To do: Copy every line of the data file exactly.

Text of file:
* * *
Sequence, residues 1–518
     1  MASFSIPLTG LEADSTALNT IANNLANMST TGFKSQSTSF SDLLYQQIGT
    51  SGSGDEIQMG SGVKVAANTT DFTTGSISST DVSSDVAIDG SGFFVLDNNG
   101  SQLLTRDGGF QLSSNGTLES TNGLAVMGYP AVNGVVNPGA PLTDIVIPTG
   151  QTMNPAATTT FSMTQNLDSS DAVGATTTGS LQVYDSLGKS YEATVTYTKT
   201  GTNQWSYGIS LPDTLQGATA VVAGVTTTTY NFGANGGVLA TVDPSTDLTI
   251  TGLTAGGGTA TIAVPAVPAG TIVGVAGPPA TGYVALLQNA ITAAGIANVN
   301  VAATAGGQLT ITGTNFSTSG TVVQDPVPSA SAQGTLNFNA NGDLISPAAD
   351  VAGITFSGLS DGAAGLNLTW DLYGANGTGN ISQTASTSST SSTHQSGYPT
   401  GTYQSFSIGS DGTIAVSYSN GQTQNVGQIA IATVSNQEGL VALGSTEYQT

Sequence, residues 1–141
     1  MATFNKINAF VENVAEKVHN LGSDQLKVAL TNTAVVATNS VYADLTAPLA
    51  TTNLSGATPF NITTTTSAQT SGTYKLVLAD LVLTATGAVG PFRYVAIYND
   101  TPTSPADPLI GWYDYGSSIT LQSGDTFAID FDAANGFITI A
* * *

Sequence, residues 1–518
     1  MASFSIPLTG LEADSTALNT IANNLANMST TGFKSQSTSF SDLLYQQIGT
    51  SGSGDEIQMG SGVKVAANTT DFTTGSISST DVSSDVAIDG SGFFVLDNNG
   101  SQLLTRDGGF QLSSNGTLES TNGLAVMGYP AVNGVVNPGA PLTDIVIPTG
   151  QTMNPAATTT FSMTQNLDSS DAVGATTTGS LQVYDSLGKS YEATVTYTKT
   201  GTNQWSYGIS LPDTLQGATA VVAGVTTTTY NFGANGGVLA TVDPSTDLTI
   251  TGLTAGGGTA TIAVPAVPAG TIVGVAGPPA TGYVALLQNA ITAAGIANVN
   301  VAATAGGQLT ITGTNFSTSG TVVQDPVPSA SAQGTLNFNA NGDLISPAAD
   351  VAGITFSGLS DGAAGLNLTW DLYGANGTGN ISQTASTSST SSTHQSGYPT
   401  GTYQSFSIGS DGTIAVSYSN GQTQNVGQIA IATVSNQEGL VALGSTEYQT

Sequence, residues 1–141
     1  MATFNKINAF VENVAEKVHN LGSDQLKVAL TNTAVVATNS VYADLTAPLA
    51  TTNLSGATPF NITTTTSAQT SGTYKLVLAD LVLTATGAVG PFRYVAIYND
   101  TPTSPADPLI GWYDYGSSIT LQSGDTFAID FDAANGFITI A